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Robert goes on to say gettimeofday is a lousy timer for microbenchmarks that take small amounts of time, but good for 'macroscopic' benchmarks that take much longer times to run (well over several seconds). This result is because if you run the benchmark several times, any OS dependent timing interrupts will have been averaged out. Therefore you will get a nice Gaussian distribution of timings with a small standard deviation.

Robert then presents something that he calls a nano-timer that is available on nearly all Intel/AMD CPUs. He said that a little bit of assembler code can read the CPU's on-board cycle counter. If you combine this with reading the CPU's clock and doing a bit of division, you can get a timer with an accuracy of 10-60 nanoseconds. He points out that this nanotimer is far more suitable for microbenchmarks that take little time. He also discusses how these mircobenchmarks can yield very useful and interesting information about CPUs. And, finally Robert does the world a huge favor and posts the code to his nanotimer. [Note: You may also want to have a look at some recent developments in the Linux 2.6.16 kernel: The high-resolution timer API .]

Josip Loncaric, who has been a consistent contributor to the Beowulf mailing list, greatly appreciated Bob's wonderful post and added an observation. He has observed that gettimeofday has a resolution of a few microseconds, but he has seen a resolution of about 1000 microseconds for other systems which appears dependent upon the kernel scheduler. He points out that this destroys the portability of any benchmarking that uses gettimeofday. He ended this post with a challenge to the Beowulf and MPI communities to achieve true microseconds precision, globally synchronized over all the system clocks within the cluster.

Jim Lux joined in that he thought perhaps using a GPS receiver on each node with some pulse would allow the nodes in a cluster to be synchronized. Josip Loncaric jumped in to ask about NTP (Network Time Protocol) to synchronize the nodes, especially using a fast network that has a very low-level latency like Quadrics. Jim Lux responded that he thought there had been a lot of work in NTP but using it over a fairly slow network such as Fast Ethernet would pose problems. Robert Brown added that he thought NTP could be made to have a resolution of about 1 microsecond but it would probably take a complete rewrite of the internal workings of NTP to use the nanotimer coupled with perhaps a kernel module (so that the timer could be guaranteed to be effectively run in single user mode). He also thought that if one used the principles in the nanotimer, you could get even Fast Ethernet to allow an overall time synchronization of about 1 microsecond.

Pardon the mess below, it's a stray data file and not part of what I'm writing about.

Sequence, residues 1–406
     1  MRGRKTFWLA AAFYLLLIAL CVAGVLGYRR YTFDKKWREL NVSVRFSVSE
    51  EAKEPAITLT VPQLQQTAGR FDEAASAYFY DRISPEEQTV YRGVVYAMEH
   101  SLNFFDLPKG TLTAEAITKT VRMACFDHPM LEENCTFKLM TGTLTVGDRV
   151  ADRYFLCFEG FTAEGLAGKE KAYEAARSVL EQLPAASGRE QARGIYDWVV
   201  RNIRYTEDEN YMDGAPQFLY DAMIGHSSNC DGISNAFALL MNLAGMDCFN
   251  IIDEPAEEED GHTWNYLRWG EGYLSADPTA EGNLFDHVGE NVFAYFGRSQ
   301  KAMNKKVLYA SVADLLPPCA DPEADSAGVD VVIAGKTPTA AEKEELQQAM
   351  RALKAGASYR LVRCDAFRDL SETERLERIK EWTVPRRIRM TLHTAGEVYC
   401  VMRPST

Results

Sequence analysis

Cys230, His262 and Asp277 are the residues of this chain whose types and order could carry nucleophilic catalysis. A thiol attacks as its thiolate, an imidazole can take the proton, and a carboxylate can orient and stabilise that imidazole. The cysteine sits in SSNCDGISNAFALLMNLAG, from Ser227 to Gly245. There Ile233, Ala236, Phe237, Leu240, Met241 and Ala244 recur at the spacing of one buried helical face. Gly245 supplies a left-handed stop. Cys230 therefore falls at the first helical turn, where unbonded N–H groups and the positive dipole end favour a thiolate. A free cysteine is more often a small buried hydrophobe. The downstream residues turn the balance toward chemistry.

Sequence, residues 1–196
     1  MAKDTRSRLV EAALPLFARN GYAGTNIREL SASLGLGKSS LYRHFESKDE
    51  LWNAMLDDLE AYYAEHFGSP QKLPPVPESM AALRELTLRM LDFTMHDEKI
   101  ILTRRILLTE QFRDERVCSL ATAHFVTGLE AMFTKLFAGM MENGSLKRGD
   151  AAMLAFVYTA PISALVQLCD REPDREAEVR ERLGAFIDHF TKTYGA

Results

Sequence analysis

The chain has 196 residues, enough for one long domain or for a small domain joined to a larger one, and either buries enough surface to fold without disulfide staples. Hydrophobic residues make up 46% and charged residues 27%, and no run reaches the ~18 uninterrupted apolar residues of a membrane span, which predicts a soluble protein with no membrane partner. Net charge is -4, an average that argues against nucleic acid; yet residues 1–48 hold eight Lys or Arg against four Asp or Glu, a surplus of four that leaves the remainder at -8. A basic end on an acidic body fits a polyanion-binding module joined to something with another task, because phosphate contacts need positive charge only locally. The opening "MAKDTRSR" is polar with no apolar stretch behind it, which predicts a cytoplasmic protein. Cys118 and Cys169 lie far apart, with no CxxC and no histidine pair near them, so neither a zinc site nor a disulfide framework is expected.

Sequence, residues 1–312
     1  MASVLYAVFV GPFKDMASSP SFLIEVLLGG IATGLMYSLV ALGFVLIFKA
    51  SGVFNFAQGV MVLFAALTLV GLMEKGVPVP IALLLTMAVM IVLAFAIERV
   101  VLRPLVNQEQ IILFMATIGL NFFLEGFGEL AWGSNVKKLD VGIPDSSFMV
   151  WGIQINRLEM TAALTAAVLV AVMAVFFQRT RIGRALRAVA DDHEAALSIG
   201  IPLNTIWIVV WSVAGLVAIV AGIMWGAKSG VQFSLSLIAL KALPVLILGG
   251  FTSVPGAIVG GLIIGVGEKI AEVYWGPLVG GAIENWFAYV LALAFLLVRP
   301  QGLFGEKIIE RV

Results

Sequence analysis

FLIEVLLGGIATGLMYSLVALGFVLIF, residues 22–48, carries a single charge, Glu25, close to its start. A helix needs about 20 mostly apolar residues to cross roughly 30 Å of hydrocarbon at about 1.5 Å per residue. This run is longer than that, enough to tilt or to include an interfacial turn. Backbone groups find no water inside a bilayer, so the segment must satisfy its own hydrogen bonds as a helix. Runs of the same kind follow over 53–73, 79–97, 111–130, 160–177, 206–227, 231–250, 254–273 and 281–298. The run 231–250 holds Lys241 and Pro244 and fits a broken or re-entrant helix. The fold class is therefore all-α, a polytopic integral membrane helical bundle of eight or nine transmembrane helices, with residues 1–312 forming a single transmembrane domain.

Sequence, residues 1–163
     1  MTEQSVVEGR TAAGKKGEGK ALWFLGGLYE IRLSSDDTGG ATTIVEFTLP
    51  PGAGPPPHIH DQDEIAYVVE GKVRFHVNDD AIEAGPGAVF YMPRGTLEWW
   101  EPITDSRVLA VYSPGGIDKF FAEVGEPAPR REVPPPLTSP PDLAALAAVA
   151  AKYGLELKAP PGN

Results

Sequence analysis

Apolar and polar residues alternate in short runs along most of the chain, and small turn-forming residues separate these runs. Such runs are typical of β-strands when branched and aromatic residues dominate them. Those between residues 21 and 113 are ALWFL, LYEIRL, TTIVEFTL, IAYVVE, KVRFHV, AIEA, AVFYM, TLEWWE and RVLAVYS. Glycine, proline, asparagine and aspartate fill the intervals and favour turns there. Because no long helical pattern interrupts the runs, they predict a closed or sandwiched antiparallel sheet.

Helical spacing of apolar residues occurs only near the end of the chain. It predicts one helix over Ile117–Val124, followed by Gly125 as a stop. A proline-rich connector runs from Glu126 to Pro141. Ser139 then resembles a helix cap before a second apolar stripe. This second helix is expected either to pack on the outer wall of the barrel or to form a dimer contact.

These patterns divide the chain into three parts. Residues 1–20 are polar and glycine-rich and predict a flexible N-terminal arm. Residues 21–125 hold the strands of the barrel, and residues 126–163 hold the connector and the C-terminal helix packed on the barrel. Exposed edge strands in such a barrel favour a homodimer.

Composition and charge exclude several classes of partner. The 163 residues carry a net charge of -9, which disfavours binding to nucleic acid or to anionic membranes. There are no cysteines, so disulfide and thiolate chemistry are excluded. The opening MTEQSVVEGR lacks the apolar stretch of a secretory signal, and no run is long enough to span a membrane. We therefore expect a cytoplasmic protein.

At this point, the discussion delved into the inner workings of clock oscillators and how they could be used for NTP. Then the topic came back to the subject of synchronizing time across a cluster using GPS. However, the discussion was very detailed on various aspects of implementing GPS (Jim Lux has a great deal of experience in this area).

The overall discussion was very interesting because it started to explain some of the inner workings of benchmarks and as a result how you could better time your codes. The discussion was very precise and detailed but provides lots of useful information. It also illustrated how companies can use benchmarks to their benefit (lies, damn lies, and benchmarks). Companies have been known to have done this in the past and some are presently doing this (particularly when their CPUs aren't competitive in the HPC world).

The discussion also produced a very interesting side topic of synchronizing nodes in a cluster. As good administrators know, synchronizing a cluster is a mandatory subject that must be mastered.

Sidebar One: Links Mentioned in Column

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This article was originally published in ClusterWorld Magazine. It has been updated and formatted for the web. If you want to read more about HPC clusters and Linux you may wish to visit Linux Magazine.

Jeff Layton has been a cluster enthusiast since 1997 and spends far too much time reading mailing lists. He has been to 38 countries and hopes to be one of them someday.

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